“Luck is what happens when preparation meets opportunity.”
Have you ever thought: ‘Damn, I was such an idiot back then’?
I just did this morning, it made me laugh.
So, I suppose I’m smart and experienced now that I’m older right? Of course not. I’m sure I’m going to find myself saying the same thing in a couple of years. But being an idiot is not the issue here, the issue would be not learning in the way. Perfection is a myth, I’m sure you know that. What actually can be achieved at any moment is the striving for perfection. Always trying to be better but never actually reaching perfection.That is a good thing, cause we can keep playing the game, endlessly.
And how does one get good at this game? Who wins?
The fastest learner, you win by learning fast. This is hard because learning requires us to go into uncharted waters. We like the comfortableness of our identity and current knowledge and shun ‘rocking the boat’. But there is nothing more exiting and life-enhancing than expanding your knowledge, nothing better than growing. It seems that when it comes to learning, especially personal stuff, learning requires us to take a good look at our values, there is a lot of friction in doing that.
Here are two mindsets you have to get your hands on if you want to eliminate that friction and learn faster.
You will never know what something feels like if you don’t put yourself out there. There will always be a kind of ‘jump’ you have to make, a kind of ‘fuck it, let’s do it’ decision.
Like jumping from an airplane (with a professional), a bungee, or from a cliff into the water, there is no thinking about it, you just have to jump.
“It is impossible for a man to learn what he thinks he already knows.”
One thing that helps is faith. But, faith as in Alan Watts description. The kind of faith were you ‘let go’. You can prepare yourself so much, but when it comes the time to jump, you have to let go and have faith.
Knowing this, know that.
Many, many times, you will fail. And this is a good thing, because you will have learned something. At least now you know how not to do something the next time, but without failure, you cannot really learn anything. Embrace failure.
“It is not the critic who counts; not the man who points out how the strong man stumbles, or where the doer of deeds could have done them better. The credit belongs to the man who is actually in the arena, whose face is marred by dust and sweat and blood; who strives valiantly; who errs, who comes short again and again, because there is no effort without error and shortcoming; but who does actually strive to do the deeds; who knows great enthusiasms, the great devotions; who spends himself in a worthy cause; who at the best knows in the end the triumph of high achievement, and who at the worst, if he fails, at least fails while daring greatly, so that his place shall never be with those cold and timid souls who neither know victory nor defeat.”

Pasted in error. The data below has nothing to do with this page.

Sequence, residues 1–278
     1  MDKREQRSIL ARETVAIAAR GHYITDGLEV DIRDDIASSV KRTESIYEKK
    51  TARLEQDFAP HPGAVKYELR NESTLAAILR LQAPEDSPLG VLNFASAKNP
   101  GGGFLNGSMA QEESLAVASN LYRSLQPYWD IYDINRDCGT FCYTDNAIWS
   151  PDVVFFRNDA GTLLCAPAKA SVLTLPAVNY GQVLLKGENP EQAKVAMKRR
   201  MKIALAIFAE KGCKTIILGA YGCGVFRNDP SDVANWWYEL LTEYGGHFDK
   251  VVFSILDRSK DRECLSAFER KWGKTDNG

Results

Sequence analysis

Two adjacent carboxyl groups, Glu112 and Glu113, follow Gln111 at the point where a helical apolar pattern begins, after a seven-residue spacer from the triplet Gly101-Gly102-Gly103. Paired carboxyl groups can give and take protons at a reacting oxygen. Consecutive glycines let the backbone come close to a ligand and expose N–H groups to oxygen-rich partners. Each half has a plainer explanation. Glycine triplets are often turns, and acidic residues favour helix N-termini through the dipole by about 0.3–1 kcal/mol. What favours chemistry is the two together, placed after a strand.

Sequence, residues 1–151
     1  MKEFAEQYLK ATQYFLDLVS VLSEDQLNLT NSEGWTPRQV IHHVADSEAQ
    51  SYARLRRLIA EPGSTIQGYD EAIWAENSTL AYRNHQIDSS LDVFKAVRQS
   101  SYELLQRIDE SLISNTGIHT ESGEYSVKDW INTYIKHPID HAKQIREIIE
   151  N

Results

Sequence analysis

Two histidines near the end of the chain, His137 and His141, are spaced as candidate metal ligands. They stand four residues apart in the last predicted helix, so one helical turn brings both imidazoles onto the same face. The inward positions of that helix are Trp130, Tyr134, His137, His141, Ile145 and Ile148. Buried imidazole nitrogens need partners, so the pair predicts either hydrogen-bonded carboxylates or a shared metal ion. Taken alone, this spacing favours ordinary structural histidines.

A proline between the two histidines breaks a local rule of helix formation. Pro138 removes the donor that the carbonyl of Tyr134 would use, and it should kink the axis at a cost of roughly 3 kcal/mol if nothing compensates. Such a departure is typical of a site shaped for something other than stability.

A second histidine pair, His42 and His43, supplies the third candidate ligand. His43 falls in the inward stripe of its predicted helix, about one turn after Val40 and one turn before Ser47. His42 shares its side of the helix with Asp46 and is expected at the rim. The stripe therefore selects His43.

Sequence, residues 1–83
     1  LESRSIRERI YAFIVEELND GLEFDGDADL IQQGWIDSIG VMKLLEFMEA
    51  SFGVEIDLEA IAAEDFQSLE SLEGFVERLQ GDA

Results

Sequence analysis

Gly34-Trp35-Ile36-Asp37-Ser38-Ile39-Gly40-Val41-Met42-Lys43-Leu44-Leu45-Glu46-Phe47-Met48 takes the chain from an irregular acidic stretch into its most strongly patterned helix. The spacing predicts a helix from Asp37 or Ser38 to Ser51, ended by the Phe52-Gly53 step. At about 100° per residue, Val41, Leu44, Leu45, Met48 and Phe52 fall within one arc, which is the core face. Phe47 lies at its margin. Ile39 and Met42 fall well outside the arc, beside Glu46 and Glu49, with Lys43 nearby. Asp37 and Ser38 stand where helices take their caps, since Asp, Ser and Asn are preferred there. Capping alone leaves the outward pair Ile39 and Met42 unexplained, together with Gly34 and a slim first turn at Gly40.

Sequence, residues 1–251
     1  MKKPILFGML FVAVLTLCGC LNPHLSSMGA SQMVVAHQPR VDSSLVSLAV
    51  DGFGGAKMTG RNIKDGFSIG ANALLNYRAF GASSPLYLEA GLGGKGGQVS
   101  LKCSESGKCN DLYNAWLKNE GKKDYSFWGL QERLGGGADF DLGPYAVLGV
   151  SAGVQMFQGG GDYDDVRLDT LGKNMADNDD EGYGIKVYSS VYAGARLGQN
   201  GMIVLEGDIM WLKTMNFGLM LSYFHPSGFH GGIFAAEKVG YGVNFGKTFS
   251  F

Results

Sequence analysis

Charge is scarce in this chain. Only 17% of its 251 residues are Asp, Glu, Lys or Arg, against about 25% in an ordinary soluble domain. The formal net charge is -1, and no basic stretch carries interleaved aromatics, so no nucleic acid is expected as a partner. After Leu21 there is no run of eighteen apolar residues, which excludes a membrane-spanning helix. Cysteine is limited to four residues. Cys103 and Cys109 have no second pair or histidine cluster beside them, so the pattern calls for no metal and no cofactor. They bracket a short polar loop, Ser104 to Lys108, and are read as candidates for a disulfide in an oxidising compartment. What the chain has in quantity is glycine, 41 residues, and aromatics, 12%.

― Theodore Roosevelt
Search for believable advice
We like to talk our problems with everyone. Mom, dad, close friends and so on, but when it comes to actually learning something, you have to be more careful.
“Opinions are a dime a dozen and nearly everyone will share theirs with you. Many will state them as if they are facts. Don’t mistake opinions for facts.” – Ray Dalio
It’s important to ask yourself first, what it is that I need to learn? And second, who can I ask that is believable, that I know for certain is right?
By doing this you’ll go not for the comfort that your mom or friend give you but for the truth. If something hurts, it is probably good medicine, and you know you have to take your medicine.
Learning how to learn is possibly the greatest skill you can get in life. So don’t hesitate! Grab a book, subscribe to a course or take the initiative and make that reading group with your friends. You can start with Marcus Aurelius.
If you want to learn more, I recommend Ray Dalio’s book <a href="http://<a href="http://<a target="_blank" href="https://www.amazon.com.mx/gp/product/1501124021/ref=as_li_tl?ie=UTF8&camp=1789&creative=9325&creativeASIN=1501124021&linkCode=as2&tag=stoicanswer0d-20&linkId=f0ee68edf4d25c36855575aef71b1d67">Principles: Life and WorkPrinciples.
a great complement to this read: Start
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